“In the beginning God created the heavens and the earth.” Genesis 1:1 (New Kings James Version)
I guess when you decide to write a post about the first lines of books, you can’t go completely wrong with the first line of the Bible. That line opens the door to everything that follows. God in the beginning and then wow.
No way can I compare my own first lines of stories with that first line of the inspired Word of God. But first lines of books are important no matter what type book. That first line has to invite a reader into the story. It has to make the eyes want to go on to the next line and the next and on and on.
The reason I’m thinking first lines is that I’ve had to come up with plenty in the process of writing thirty plus books. I really don’t know how many books I’ve written. I’ve been fortunate to have thirty-two books published with two more in the process of being published. That’s a lot of beginnings. A lot of bravely typing Chapter 1 and then coming up with a first line. I’m sure I could have perhaps written a more engaging first line for many of my books. But some of them aren’t so bad. Let’s take a look.
Some days David Brooke didn’t know whether to count his blessings or to hide from them. (Scent of Lilacs)
It wasn’t a good thing to be in love with the man your sister was going to marry. (Small Town Girl)
When she saw the two men riding down the lane toward her house, Carlyn Kearney lifted the shotgun down off the long nails that held it over her front door. (The Innocent)
When he was a little boy, his mother told him a drunk jumped off this bridge and survived. (Murder Comes by Mail)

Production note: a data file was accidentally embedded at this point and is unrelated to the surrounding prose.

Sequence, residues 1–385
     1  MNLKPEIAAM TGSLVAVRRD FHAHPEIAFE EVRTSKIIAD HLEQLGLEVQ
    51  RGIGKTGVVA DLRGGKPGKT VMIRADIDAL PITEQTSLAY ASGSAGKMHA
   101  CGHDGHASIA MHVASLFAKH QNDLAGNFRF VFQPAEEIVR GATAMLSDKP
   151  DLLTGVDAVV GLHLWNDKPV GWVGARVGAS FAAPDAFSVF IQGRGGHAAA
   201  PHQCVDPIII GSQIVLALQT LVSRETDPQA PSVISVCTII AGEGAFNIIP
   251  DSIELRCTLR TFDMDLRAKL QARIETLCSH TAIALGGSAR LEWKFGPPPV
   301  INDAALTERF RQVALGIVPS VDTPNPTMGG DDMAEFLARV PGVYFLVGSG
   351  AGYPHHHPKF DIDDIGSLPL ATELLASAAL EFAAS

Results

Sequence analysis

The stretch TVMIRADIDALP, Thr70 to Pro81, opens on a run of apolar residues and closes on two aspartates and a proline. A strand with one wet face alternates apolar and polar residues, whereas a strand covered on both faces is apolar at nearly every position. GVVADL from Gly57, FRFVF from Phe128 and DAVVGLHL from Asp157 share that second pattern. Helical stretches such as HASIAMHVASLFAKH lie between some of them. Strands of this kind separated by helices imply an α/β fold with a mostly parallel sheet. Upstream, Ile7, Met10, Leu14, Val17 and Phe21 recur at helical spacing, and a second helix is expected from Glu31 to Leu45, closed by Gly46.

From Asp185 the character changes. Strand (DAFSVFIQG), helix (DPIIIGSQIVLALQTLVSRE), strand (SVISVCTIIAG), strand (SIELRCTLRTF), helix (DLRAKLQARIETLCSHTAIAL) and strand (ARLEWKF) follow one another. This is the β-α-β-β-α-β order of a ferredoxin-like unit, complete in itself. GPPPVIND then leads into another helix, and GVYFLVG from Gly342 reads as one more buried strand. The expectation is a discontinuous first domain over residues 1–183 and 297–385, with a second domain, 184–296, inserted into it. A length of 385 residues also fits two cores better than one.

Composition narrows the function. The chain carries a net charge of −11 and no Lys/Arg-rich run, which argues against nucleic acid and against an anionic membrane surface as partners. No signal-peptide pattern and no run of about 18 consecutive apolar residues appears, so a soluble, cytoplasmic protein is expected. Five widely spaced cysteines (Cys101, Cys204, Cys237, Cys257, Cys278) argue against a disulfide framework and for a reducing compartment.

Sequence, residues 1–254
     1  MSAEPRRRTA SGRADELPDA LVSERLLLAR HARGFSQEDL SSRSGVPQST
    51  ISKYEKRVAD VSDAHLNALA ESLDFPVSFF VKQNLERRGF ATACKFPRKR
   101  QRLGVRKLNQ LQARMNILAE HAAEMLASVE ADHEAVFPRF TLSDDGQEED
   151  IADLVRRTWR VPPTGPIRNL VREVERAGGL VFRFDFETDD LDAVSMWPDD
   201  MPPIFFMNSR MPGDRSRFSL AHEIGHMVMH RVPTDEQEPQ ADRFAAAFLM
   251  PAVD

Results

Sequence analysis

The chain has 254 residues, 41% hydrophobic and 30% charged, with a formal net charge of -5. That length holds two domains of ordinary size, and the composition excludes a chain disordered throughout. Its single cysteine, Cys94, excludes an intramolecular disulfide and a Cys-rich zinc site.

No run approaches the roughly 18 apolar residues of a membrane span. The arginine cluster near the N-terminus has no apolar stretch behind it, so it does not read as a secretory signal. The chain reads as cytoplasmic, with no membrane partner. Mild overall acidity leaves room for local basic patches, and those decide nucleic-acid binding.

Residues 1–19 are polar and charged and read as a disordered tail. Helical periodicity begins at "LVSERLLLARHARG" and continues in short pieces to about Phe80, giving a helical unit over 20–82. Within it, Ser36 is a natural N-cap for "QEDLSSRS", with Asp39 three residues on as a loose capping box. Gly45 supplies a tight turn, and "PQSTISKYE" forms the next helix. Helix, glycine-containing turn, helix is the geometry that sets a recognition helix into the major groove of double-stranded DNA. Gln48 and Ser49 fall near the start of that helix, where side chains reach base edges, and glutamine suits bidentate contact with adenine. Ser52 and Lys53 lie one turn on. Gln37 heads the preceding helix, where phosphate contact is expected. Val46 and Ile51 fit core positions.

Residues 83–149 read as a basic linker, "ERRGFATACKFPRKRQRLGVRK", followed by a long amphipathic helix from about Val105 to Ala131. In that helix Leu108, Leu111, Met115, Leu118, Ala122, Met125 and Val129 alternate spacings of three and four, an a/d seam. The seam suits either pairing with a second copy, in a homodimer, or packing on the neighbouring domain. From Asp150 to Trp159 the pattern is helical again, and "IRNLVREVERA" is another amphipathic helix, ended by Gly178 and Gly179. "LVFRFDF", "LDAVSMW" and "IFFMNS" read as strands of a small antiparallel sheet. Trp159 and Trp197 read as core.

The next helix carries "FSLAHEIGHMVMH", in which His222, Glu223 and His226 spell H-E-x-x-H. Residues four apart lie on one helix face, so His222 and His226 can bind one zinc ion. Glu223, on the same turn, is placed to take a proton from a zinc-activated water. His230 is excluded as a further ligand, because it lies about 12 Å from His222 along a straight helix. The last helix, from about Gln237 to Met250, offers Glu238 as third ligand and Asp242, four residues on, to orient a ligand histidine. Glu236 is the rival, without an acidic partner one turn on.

So what do you think? Any of them sound enticing enough to pull you into the story? Those books are all already out there for readers. Nothing I can do about the first lines now. So how about a peek at some future first lines? First I’ll let you see the first line of my upcoming release, Murder Is No Accident.
When Maggie Greene heard a noise in the big old house below her, she sucked in her breath to listen.
I hope that will make readers immediately know that something isn’t right and maybe Maggie has reason to be a little afraid.
Then I have a book scheduled for release next September, These Healing Hills. Here’s the first line right now but I’ll be doing more edits on that story before it makes its way out to readers.
Francine Howard stepped off the bus into another world.
You really can’t tell much about that one line except the character’s name and that something is changing for her.
And last, I’ll share the first line of my current work in progress. It’s a historical and everything is subject to change in the story. So this first line may not stay a first line. I’m months away from writing “the end” and then doing more edits.
Adria Starr didn’t want her mother and little brother to stop breathing the way her father did.
I want to come up with good first lines. I like noting first lines in the books I read. I don’t put a book down because of a less than stellar first line, but when it is a good line, then my reader imagination perks up and is ready for the story.
So what do you think? Any of these first lines ones that might draw you into my stories? How much attention do you pay to the first line of the books you read?
And the First Winner is…
And now it’s time to announce my first Sunday winner. Joan A. is the name that rose to the top of my drawing hat. I’ll be in touch with Joan via e-mail to see which of the Hidden Springs mysteries she wants, Murder at the Courthouse or Murder Comes by Mail. Then next Sunday I’ll draw another winner and another the Sunday after that. All you have to do to enter is leave a comment here on my blog post. Those of you who commented on last week’s posts and didn’t win still have your names in the drawing, but you can get an additional entry, which could give you more chance of winning, by leaving a comment on this post and/or Wednesday’s post. You must be eighteen to enter.
Just tell me what you think about some of those first lines or other great first lines of books you’ve read. And as always, thanks for reading.